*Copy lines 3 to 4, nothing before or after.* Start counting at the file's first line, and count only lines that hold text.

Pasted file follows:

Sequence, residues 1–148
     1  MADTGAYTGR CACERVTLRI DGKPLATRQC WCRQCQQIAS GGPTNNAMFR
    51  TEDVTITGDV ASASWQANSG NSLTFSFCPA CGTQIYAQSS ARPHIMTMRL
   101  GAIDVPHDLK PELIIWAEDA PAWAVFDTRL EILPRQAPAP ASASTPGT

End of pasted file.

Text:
    51  TEDVTITGDV ASASWQANSG NSLTFSFCPA CGTQIYAQSS ARPHIMTMRL
   101  GAIDVPHDLK PELIIWAEDA PAWAVFDTRL EILPRQAPAP ASASTPGT